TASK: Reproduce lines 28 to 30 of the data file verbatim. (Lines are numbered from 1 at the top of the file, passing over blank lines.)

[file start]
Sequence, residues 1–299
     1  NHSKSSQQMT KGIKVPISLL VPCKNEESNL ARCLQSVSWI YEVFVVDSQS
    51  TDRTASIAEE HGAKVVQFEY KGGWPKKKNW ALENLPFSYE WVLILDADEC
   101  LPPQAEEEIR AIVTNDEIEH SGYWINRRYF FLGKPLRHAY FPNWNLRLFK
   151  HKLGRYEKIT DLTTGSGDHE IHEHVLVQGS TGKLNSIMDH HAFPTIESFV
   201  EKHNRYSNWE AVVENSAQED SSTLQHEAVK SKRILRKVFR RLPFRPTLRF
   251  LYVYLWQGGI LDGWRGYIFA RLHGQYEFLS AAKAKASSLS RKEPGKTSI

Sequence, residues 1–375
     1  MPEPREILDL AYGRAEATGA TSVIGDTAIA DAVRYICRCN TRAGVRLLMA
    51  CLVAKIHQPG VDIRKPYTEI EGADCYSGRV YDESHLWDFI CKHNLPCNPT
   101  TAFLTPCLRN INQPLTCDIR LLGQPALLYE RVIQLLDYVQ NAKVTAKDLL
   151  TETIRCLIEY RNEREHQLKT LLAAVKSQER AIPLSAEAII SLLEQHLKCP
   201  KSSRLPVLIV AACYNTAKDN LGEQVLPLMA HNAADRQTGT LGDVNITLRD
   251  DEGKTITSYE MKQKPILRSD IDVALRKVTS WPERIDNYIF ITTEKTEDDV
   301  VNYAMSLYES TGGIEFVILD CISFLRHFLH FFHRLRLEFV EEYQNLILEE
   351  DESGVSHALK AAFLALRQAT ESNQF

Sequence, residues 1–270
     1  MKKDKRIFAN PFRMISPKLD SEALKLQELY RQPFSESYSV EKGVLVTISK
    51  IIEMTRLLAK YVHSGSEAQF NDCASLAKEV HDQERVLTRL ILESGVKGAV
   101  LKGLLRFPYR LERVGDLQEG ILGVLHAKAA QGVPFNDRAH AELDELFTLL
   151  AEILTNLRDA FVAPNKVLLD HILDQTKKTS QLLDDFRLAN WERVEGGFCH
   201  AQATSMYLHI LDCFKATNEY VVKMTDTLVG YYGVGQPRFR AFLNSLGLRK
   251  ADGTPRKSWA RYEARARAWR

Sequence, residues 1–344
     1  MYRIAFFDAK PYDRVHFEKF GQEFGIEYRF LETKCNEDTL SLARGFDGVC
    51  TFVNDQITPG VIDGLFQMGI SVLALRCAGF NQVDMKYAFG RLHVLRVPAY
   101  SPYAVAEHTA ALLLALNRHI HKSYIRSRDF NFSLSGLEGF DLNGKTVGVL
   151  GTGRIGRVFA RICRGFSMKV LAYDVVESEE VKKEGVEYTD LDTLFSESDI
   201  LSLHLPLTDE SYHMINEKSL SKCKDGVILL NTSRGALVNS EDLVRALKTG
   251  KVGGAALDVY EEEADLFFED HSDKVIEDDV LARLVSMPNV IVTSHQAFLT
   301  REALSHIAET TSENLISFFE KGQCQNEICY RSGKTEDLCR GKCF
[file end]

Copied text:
   151  GTGRIGRVFA RICRGFSMKV LAYDVVESEE VKKEGVEYTD LDTLFSESDI
   201  LSLHLPLTDE SYHMINEKSL SKCKDGVILL NTSRGALVNS EDLVRALKTG
   251  KVGGAALDVY EEEADLFFED HSDKVIEDDV LARLVSMPNV IVTSHQAFLT